7 DEFINITIONS 3. Certification is the procedure by which official certification bodies or officially recognized certification bodies provide written or equivalent assurance that foods or food control systems conform to requirements. Certification of food may be, as appropriate, based on a range of inspection activities which may include continuous on-line inspection, auditing of quality assurance systems, and examination of finished products. Certifikace je postup jímž úřední (úředně uznávaný) certifikační orgán poskytuje písemné nebo jemu ekvivalentní ujištění(vyjádření), že potraviny nebo potravinový kontrolní systém odpovídá stanoveným požadavkům. Certifikace potravin může být přiměřeně založená na řadě inspekčníčinností. Které mohou zahrnovat kontinuální (nepřetržité) inspekce, audity systémů zabezpečování kvality a vyšetřování (zkoumání) finálních produktů.

8 DEFINITIONS 4. Inspection is the examination of food or systems for control of food, raw materials, processing, and distribution including in-process and finished product testing, in order to verify that they conform to requirements. 5. Official inspection systems and official certification systems are systems administered by a government agency having jurisdiction empowered to perform a regulatory or enforcement function or both. 6. Officially recognized inspection systems and officially recognized certification systems are systems which have been formally approved or recognized by a government agency having jurisdiction.

9 DEFINITIONS 7.Requirements are the criteria set down by the competent authorities relating to trade in foodstuffs covering the protection of public health, the protection of consumers and conditions of fair trading. 8. Risk assessment is the evaluation of the likelihood and severity of adverse effects on public health arising, for example, from the presence in foodstuffs of additives, contaminants, residues, toxins or disease-causing organisms.  Risk Analysis – R. assesment, R.management, R. communication

10 PRINCIPLES Food inspection and certification systems should be used wherever appropriate to ensure that foods, and their production systems, meet requirements in order to protect consumers against food-borne hazards and deceptive marketing practices and to facilitate trade on the basis of accurate product description.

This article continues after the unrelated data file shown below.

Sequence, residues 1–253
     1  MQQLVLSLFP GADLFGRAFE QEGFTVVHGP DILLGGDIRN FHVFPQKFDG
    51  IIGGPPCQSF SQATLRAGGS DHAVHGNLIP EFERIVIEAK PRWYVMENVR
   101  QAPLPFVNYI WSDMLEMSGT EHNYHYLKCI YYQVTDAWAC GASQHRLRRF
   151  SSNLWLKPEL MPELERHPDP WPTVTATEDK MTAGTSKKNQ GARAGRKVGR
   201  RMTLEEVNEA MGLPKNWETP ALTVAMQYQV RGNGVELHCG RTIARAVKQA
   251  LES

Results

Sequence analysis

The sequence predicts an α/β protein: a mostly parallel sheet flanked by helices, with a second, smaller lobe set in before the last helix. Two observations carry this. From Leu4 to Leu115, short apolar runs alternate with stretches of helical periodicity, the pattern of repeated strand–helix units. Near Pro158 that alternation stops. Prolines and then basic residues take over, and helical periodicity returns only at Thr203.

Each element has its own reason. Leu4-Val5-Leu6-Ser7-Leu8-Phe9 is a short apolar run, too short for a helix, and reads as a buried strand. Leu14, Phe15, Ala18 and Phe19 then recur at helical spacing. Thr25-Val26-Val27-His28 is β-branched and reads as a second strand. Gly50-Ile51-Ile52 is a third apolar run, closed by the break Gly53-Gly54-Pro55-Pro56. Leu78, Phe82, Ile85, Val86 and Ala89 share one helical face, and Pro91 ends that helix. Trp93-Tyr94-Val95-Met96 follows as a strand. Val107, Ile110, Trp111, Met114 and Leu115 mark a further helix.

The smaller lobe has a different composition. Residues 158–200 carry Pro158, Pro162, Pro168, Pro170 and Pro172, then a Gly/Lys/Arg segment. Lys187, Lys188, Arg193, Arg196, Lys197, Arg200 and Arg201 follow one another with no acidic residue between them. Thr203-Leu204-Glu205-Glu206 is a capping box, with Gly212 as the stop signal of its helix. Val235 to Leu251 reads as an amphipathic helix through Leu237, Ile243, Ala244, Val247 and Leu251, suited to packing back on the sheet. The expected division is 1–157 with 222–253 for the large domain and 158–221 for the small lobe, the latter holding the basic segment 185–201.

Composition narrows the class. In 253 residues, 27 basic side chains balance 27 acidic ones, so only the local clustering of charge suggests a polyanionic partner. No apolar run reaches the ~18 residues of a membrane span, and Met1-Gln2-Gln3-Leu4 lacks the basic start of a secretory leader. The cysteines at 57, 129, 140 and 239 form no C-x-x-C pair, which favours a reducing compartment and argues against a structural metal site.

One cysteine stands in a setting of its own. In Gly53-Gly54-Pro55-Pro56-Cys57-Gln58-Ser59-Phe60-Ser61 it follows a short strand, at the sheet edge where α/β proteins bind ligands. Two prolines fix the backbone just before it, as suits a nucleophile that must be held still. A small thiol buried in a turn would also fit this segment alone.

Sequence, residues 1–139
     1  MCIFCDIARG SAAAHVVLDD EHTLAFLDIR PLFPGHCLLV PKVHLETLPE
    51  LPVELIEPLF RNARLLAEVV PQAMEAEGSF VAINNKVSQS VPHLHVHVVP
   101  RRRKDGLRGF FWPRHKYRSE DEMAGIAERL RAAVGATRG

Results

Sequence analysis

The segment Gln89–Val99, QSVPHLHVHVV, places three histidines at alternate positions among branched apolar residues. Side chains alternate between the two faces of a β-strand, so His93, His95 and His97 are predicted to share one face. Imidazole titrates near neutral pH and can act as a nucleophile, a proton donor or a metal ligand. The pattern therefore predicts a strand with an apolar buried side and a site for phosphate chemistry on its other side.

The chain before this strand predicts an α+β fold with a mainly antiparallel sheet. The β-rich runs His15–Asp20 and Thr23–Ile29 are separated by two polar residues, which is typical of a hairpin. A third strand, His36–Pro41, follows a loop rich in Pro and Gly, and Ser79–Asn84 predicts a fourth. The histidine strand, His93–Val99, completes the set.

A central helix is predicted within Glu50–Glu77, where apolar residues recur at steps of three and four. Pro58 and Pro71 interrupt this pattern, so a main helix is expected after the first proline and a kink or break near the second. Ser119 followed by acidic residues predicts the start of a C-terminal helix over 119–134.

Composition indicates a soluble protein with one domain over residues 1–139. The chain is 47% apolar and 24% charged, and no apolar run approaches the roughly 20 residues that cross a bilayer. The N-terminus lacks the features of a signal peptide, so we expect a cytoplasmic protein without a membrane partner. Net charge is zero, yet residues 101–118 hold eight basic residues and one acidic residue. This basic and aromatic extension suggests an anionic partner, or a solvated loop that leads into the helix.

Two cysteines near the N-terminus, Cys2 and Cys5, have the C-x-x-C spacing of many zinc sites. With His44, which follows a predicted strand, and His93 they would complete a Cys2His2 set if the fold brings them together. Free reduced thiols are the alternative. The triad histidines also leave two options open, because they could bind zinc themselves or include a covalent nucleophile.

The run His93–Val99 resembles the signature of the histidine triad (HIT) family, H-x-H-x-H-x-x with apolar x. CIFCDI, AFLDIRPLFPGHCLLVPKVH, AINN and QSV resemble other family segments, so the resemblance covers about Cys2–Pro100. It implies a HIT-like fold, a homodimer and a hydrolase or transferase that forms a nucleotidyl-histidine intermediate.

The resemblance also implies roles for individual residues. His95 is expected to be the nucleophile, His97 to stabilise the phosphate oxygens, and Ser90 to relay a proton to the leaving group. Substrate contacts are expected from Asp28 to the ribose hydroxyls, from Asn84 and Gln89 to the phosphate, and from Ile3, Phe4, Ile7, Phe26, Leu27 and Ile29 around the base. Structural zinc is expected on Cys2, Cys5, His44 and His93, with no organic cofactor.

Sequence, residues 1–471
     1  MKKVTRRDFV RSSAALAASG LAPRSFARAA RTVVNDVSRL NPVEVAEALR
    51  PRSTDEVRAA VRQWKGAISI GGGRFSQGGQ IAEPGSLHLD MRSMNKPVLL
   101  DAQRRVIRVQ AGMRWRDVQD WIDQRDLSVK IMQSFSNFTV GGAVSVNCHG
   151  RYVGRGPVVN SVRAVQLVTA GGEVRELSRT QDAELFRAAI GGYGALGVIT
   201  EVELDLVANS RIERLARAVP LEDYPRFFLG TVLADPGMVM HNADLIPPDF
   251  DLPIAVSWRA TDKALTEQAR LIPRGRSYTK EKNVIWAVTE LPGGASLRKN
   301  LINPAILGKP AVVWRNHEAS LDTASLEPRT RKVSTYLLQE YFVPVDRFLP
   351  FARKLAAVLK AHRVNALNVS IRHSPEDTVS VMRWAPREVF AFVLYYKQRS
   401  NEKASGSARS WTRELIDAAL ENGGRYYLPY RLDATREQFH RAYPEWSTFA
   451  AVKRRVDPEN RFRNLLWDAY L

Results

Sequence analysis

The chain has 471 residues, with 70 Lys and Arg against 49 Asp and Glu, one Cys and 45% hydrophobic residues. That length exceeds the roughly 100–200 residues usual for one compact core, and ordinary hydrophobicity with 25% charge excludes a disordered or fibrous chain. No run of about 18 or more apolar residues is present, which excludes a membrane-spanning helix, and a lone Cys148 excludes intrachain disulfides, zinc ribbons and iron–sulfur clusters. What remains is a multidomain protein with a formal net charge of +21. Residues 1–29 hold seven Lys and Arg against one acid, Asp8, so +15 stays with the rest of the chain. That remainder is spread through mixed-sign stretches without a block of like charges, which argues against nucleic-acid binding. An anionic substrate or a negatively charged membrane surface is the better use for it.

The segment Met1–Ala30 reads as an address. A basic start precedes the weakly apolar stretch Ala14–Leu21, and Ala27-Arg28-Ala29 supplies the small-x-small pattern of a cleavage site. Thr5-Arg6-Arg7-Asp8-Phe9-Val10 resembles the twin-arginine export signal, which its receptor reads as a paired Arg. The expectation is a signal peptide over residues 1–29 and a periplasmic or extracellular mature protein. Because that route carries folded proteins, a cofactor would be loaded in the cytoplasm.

11 PRINCIPLES Risk assesment the risk assessment methodology employed should be consistent with internationally accepted approaches. Risk assessment should be based on current available scientific evidence. Inspection systems should be applied to particular commodities and processing methods in proportion to the assessed risks Inspection and certification systems should be fully effective in achieving their designated objectives having regard to the determination of the acceptable level of protection which is required.

12 PRINCIPLES 1. Non-discrimination Countries should ensure that they avoid arbitrary or unjustifiable distinctions in the level of risk deemed to be appropriate in different circumstances so as to avoid discrimination or a disguised restriction on trade. 2 Efficiency Inspection and certification systems should have adequate means to perform their task. In the choice of inspection and certification systems, there should be regard to costs to consumers and to the costs in money and time to the affected food industry and government consulting with interested bodies as appropriate. Such systems should be no more restrictive of trade than is necessary in order to achieve the required level of protection.

13 PRINCIPLES 3. Harmonization  Member countries should use Codex standards, recommendations and guidelines (or those of other international organizations whose membership is open to all countries) whenever appropriate as elements of their inspection and certification systems. Countries should participate actively in the work of the Codex Alimentarius Commission and other relevant international bodies to promote and facilitate the development, adoption and review of Codex norms. 4. Equivalence Countries should recognise that different inspection/certification systems may be capable of meeting the same objective, and are therefore equivalent. The obligation to demonstrate equivalence rests with the exporting country.